Monday, March 10, 2014

Criticwire Question: Wes Anderson's Best & Worst

A couple of things before I answer the question – First - although The Grand Budapest Hotel should open in Toronto (perhaps wider in Canada) this weekend - there is a good chance I won’t get to it for a few weeks – a new baby will do that. Second – in anticipation of The Grand Budapest Hotel, which is one of my most anticipated films of the year - I am re-watching all of Anderson’s previous 7 films, and will do a sort of career retrospective sometime next week. I’ve only re-watched three so far (I’m going in no particular order – so I’ve re-watched The Royal Tenenbaums, The Darjeeling Limited and Moonrise Kingdom – will get to the rest this week) – so my answer could easily change by this time next week.

The Best? I’m torn between The Royal Tenenbaums and Fantastic Mr. Fox. Before re-watching it this weekend, I would have said Mr. Fox  – animation suits Anderson’s sensibilities perfectly, and the painstaking work involved in stop motion animation fits in with Anderson’s obsessive attention to detail. Anderson has always been influenced  by Roald Dahl – we’ve seen it most of his previous films – and his adaptation of Dahl’s book is a perfect blending of the two artists sensibilities. Oddly, the animated Fox family is among the most realistic in any Anderson film. The marriage between the Fox’s is strained in ways that seem real. It’s a stunner.
But re-watching The Royal Tenenbaums this weekend for the first time in about 5 years reminded me of how great that film was – and surprised me with how much it moved me –especially everything involving Ben Stiller’s Chas – two moments in particular - the early moment of his son coming down from the bunk bed to lay next to his father, to the late moment when Stiller finally says something to his father without anger and hatred in his voice – “I’ve had a rough year, dad” – both had me tearing up. Seeing the film for the first time since becoming a father hit me much harder than it ever did before – and convinced me it may well be Anderson’s masterpiece. Everything about that movie works just about perfectly. But check back again next week after I’ve given Fantastic Mr. Fox another viewing – not to mention Rushmore which could conceivably make a run as well (I'm not sure how many times I saw Rushmore as a teenager - 7 or 8 anyway - but it's been a while since I re-watched it). I really wouldn’t argue with anyone who chose Moonrise Kingdom either – I loved it even more on second viewing this weekend than I did when I saw it back in 2012.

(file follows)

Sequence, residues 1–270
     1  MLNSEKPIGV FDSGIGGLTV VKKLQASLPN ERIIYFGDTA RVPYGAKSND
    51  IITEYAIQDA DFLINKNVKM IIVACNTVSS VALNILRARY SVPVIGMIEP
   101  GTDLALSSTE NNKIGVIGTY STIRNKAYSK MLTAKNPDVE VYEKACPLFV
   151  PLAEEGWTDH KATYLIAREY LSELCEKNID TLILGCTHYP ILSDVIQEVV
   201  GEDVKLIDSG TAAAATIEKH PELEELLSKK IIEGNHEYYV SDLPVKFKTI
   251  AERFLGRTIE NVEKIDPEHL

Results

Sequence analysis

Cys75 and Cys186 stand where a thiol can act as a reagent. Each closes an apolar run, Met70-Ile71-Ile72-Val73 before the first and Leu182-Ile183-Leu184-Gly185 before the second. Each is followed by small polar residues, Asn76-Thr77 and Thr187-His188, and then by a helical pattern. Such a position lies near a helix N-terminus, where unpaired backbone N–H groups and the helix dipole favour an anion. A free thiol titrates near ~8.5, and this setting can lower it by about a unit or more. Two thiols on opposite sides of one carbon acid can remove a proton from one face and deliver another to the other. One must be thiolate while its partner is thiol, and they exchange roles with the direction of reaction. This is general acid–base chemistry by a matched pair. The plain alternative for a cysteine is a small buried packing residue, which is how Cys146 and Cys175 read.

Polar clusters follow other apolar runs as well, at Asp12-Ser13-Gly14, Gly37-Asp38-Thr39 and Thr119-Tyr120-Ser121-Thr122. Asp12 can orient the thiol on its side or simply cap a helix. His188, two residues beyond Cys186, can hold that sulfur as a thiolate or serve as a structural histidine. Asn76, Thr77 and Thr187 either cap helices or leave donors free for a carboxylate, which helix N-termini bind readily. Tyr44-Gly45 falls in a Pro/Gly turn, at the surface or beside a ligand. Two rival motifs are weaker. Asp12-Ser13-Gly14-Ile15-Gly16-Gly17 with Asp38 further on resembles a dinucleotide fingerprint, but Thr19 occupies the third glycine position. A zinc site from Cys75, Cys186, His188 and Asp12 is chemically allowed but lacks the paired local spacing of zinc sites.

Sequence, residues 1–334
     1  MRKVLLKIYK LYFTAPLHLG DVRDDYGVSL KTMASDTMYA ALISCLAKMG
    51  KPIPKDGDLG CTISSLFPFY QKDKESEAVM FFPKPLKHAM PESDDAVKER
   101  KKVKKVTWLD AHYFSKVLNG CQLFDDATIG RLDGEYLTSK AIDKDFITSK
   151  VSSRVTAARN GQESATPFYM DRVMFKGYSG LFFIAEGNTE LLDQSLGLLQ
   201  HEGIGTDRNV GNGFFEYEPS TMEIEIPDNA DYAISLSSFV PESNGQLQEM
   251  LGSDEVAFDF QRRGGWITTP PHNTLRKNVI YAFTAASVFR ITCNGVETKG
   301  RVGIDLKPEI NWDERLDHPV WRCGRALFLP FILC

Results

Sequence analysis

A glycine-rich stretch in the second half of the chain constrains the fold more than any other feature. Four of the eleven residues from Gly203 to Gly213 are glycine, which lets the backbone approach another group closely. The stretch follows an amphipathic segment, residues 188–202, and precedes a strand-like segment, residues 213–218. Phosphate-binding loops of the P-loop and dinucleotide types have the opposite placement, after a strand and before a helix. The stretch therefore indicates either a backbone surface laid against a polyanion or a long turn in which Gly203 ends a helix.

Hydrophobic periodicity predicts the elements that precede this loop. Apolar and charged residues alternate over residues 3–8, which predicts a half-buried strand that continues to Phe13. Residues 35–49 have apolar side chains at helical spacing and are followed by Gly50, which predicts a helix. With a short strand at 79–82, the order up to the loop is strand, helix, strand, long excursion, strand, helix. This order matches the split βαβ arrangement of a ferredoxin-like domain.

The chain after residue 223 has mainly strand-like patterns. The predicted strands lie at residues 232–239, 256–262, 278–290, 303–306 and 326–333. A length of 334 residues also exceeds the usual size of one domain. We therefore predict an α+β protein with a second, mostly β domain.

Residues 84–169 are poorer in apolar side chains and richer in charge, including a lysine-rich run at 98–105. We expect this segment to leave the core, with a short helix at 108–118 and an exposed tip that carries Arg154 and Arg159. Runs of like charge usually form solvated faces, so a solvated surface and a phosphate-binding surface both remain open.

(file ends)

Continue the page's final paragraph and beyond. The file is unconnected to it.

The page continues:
As for Anderson’s worst, I first feel the need to say that most directors – even great ones – would probably be happy if their worst films were as good as Anderson’s worst ones. I’m torn again though – between Bottle Rocket, which I’ve seen three or four times now and enjoy it every time I do watch it (and will watch again this week) – because the film always slips from my memory soon after watching it -  with very few things about it sticking with me at all – which is odd, because Anderson’s films usually have many moments I never forget. The other one is The Life Aquatic with Steve Zissou – which is a film I’ve watched multiple times, and just never quite loved as much as its defenders seem to. To me, The Life Aquatic has always been the film that Anderson’s detractors claim ALL his films are – empty style over substance, where all the deadpan delivery, meticulous art direction and costume design, and hipster music is so ironic and detached that nothing leaves an impression. Still, it’s one of the films I’m most looking forward to revisiting – it’s been a long time since I have, and I keep hoping that a subsequent viewing will let me in on what the films fans love about it so much – and at the very least, The Life Aquatic looks amazing in pretty much every frame, so it’s hardly a bad film. Who knows (SPOILER WARNING) maybe I’ll finally feel something when Owen Wilson dies this time around – I’ve never felt anything before because as with everything else in the movie it seems to stylized that Anderson wasn’t concerned with the emotional content but how it looked. Still, I don’t think I ever noticed the moment that Stiller’s son comes down and lays next to his father in Tenenbaums before, and now it’s perhaps my favorite moment in the film. Things change.

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